Dairy foods and nutrients in relation to risk of ovarian cancer and major histological subtypes
Inconsistent results for the role of dairy food intake in relation to ovarian cancer risk may reflect the potential adverse effects of lactose, which has been hypothesized to increase gonadotropin levels, and the beneficial antiproliferative effects of calcium and vitamin D. Using data from the New England case–control study (1,909 cases and 1,989 controls), we examined dairy foods and nutrients in relation to risk of ovarian cancer overall, histological subtypes and rapidly fatal versus less aggressive disease. We used logistic regression and polytomous logistic regression to estimate odds ratios (ORs) and 95% confidence intervals (CIs). In models that were simultaneously adjusted for total (dietary plus supplements) calcium, total vitamin D and lactose, we observed a decreased overall risk of ovarian cancer with high intake of total calcium [Quartile 4 (Q4, >1,319 mg/day) vs. Quartile 1 (Q1, <655 mg/day), OR = 0.62, 95% CI = 0.49–0.79]; the inverse association was strongest for serous borderline and mucinous tumors. High intake of total vitamin D was not associated overall with ovarian cancer risk, but was inversely associated with risk of serous borderline (Q4, >559 IU/day vs. Q1, <164 IU/day, OR = 0.51, 95% CI = 0.34–0.76) and endometrioid tumors (Q4 vs. Q1, OR = 0.55, 95% CI = 0.39–0.80). We found no evidence that lactose intake influenced ovarian cancer risk or that risk varied by tumor aggressiveness in the analyses of intake of dairy foods and nutrients. The overall inverse association with high intake of calcium and the inverse associations of calcium and vitamin D with specific histological subtypes warrant further investigation.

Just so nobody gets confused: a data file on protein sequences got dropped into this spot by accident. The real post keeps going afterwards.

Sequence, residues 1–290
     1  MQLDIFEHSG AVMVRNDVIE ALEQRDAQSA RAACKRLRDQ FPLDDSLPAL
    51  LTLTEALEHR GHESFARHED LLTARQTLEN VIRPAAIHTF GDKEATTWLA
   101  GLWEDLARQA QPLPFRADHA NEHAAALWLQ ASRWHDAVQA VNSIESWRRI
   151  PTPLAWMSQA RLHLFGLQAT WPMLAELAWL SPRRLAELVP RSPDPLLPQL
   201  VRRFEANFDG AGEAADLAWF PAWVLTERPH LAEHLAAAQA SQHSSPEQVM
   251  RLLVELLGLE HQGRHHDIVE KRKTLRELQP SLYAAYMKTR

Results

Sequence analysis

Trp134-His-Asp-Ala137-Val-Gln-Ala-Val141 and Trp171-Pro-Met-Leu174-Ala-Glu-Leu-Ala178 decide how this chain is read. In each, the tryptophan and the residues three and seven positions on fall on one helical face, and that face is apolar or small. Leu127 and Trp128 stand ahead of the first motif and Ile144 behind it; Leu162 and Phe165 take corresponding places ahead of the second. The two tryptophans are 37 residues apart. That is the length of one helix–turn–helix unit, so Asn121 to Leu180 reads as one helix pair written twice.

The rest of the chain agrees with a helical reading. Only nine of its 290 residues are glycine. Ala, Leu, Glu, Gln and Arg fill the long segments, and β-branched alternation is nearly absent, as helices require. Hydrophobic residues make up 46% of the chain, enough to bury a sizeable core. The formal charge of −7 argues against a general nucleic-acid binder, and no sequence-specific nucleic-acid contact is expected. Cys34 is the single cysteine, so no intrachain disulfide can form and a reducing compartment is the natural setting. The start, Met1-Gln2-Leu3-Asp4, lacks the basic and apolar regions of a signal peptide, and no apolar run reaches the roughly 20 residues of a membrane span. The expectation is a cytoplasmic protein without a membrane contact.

Differences in ovarian cancer incidence rates worldwide1 suggest that lifestyle factors, including diet, may play an important role in risk for this disease. The observation that per capita milk consumption and lactase persistence (the ability to digest lactose after childhood) is significantly positively correlated with ovarian cancer incidence worldwide highlights the potential role of dairy food consumption in ovarian carcinogenesis.2 It has been hypothesized that the galactose component of dairy sugar or lactose might have a toxic effect on oocytes and prematurely raise gonadotropins in a similar manner to that observed in mouse/rat models in which high-lactose diets led to ovulatory dysfunction and hypogonadism.3–5
Subsequent epidemiological studies that evaluated consumption of dairy foods or lactose in relation to ovarian cancer risk produced conflicting results with case–control studies generally finding a null association,6 whereas cohort studies showed a more consistent positive association between high intake of lactose6–8 and/or skim/low-fat milk7 or milk (all types)6 and risk of ovarian cancer.
Inconsistencies could be due to the contrasts of intake that were examined, potential differences in the distribution of histological subtypes across studies or may reflect differences in long-term versus recent dairy food consumption or in the types of dairy products consumed and their different nutrient contents. We hypothesized that foods higher in lactose or fats could have a more harmful effect, whereas foods with higher levels of calcium or vitamin D might be beneficial by downregulation of circulating parathyroid hormone leading to decreased cell proliferation.9, 10 In this large population-based case–control study of ovarian cancer, we evaluated intake of dairy foods and their components (lactose, calcium and vitamin D) in relation to ovarian cancer risk overall, the main histological subtypes and rapidly fatal versus less aggressive disease.